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Australian Government Attorney-General's Department

Second–Hand (Established) Dwellings

This category includes all residential dwellings which are not new dwellings (that is, they have been previously owned and/or they have been occupied for more than 12 months).

 

Acquisitions by individual(s)

Foreign persons are prohibited from acquiring established dwellings for investment purposes (that is, they cannot be purchased to be used as a rental or holiday property), irrespective of whether they are temporary residents in Australia or not.

Foreign persons who are temporary residents in Australia do not require approval to acquire a second-hand dwelling as their principal place of residence.

 

Acquisitions by companies

Proposals by foreign-owned companies to acquire second-hand dwellings for the purpose of providing housing for their Australian-based staff are normally approved subject to the following condition:

             the company undertakes to sell or rent the property if it is expected to remain vacant for six months or more.

 

Vacant Land

Proposed acquisitions of vacant land for residential development are normally approved subject to development condition(s) imposed under the FATA.

Acquisitions of single blocks of vacant land (that is, land which is zoned to permit the construction of no more than one residential dwelling per block of land) for the purpose of building a single residential dwelling on each block are normally approved subject to the following condition:

*       continuous substantial construction must commence within 24 months.

Acquisitions of other vacant land (not single blocks) for the purpose of building multiple residential dwellings are normally approved subject to the following conditions:

            continuous substantial construction must commence within 24 months; and

           at least 50 per cent of the acquisition cost or the current market value of the land (whichever is higher) must be spent on development. 

Once these conditions have been fulfilled, properties acquired under this category may be rented out, sold to Australian interests or other eligible purchasers, or retained for the foreign investor's own use.

 

New Dwellings

New dwellings acquired ‘off the plan’ (before construction commences or during the construction phase) or after construction is complete are normally approved where the dwellings:

*       have not previously been sold (that is, they are purchased from the developer); and

*       have not been occupied for more than 12 months.

There are no restrictions on the number of such dwellings in a new development which may be sold to foreign persons, provided that the developer markets the dwellings locally as well as overseas (that is, the dwellings cannot be marketed exclusively overseas).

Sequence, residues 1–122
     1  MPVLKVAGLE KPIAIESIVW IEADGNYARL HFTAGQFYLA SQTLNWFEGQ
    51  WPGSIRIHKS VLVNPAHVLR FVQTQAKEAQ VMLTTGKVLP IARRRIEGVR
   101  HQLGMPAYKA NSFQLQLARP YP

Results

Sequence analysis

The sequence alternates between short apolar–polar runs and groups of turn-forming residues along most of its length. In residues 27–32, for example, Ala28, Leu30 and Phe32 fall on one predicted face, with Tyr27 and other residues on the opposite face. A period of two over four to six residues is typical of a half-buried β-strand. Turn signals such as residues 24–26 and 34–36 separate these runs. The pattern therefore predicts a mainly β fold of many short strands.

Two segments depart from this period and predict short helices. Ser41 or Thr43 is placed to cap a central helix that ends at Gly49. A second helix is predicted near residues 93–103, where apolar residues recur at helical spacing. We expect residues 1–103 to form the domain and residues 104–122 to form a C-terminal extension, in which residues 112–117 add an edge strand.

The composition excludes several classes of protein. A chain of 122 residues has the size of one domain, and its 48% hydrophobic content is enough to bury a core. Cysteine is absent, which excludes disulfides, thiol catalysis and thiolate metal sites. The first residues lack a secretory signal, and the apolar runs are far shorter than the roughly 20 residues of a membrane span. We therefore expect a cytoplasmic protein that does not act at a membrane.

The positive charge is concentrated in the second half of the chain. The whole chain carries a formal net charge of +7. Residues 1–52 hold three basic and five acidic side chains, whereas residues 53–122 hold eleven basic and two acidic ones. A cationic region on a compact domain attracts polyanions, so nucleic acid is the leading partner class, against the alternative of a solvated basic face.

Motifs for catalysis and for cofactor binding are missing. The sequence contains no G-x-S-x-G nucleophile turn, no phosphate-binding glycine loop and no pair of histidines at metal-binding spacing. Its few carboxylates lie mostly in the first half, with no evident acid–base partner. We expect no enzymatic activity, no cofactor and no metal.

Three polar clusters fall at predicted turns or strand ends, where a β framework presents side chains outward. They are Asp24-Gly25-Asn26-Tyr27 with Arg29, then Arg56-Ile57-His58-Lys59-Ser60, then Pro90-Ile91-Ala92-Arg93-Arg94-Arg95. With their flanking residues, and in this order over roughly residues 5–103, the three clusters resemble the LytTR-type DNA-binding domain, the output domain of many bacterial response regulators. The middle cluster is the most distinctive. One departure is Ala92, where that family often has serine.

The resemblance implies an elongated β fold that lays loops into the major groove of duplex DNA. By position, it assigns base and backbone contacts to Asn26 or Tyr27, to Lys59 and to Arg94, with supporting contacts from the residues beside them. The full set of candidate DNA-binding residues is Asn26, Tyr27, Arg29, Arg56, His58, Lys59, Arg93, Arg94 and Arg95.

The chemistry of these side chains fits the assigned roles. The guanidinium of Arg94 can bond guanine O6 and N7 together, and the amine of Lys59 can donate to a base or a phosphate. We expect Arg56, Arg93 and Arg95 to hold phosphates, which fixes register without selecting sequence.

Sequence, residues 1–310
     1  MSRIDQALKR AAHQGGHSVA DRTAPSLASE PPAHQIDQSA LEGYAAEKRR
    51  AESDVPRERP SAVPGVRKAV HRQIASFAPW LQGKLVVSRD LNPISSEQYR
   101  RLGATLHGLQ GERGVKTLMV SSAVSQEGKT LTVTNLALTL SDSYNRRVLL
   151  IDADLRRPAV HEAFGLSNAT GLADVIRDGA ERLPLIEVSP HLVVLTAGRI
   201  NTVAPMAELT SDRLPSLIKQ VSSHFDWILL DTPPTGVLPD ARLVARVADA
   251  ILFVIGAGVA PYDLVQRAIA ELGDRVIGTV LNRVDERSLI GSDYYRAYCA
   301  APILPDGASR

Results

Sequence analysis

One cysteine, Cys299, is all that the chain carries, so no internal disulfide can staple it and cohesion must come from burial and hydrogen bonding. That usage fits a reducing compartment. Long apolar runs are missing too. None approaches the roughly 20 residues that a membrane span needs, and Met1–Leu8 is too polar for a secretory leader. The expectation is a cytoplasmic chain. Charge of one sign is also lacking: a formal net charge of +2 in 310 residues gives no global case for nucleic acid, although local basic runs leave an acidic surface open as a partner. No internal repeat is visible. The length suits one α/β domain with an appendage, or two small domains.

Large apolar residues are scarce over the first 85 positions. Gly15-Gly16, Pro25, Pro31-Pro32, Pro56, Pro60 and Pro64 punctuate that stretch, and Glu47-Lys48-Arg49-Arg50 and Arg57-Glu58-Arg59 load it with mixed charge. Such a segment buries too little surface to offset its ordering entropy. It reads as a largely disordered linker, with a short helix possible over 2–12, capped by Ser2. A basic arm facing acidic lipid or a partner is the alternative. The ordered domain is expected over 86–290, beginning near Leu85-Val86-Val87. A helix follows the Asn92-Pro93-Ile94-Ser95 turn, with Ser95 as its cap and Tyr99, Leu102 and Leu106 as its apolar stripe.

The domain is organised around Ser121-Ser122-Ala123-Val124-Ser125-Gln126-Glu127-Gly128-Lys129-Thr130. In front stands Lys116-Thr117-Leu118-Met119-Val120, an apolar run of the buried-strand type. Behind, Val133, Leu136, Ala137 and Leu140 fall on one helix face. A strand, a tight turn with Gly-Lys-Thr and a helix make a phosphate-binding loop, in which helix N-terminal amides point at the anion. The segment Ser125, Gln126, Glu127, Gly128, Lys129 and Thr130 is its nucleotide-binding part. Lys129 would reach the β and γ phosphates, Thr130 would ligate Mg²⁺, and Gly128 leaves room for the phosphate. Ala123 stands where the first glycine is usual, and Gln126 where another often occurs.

This category includes dwellings that are part of extensively refurbished buildings where the building's use has undergone a change from non-residential (for example, office or warehouse) to residential. It does not include established residential real estate that has been refurbished or renovated.

A property purchased under this category may be rented out, sold to Australian interests or other eligible purchasers, or retained for the foreign investor's own use. Once the property has been purchased, it is second-hand real estate and is subject to the restrictions applying to that category.

 

Advanced Off The Plan Approval For Developers

Developers of 10 or more dwellings may have previously applied for advance approval to sell up to 50 per cent of new residences to foreign interests. If such pre-approval was granted, the developer is required to provide a copy of their pre-approval letter to each prospective purchaser and to report all sales (that is, Australian and foreign) to FIRB on a 12 monthly basis until all the dwellings in the development have been sold or occupied.

As the administrative procedures are streamlined, the current system for developers seeking advance approval to sell new dwellings to foreign persons will be discontinued. Until further notice, the pre-approval arrangements that have been operating for some time will continue to operate on a case-by-case basis.  Please contact FIRB for specific advice.

All current pre‑approvals remain valid. Where such approval has been granted, foreign purchasers should not apply for individual approval. If the developer has not been granted advance approval, then the individual investor must seek approval.

 

FROM 31 MARCH 2009 THE REGULATIONS CHANGED AS FOLLOWS:

Temporary residents’ exemption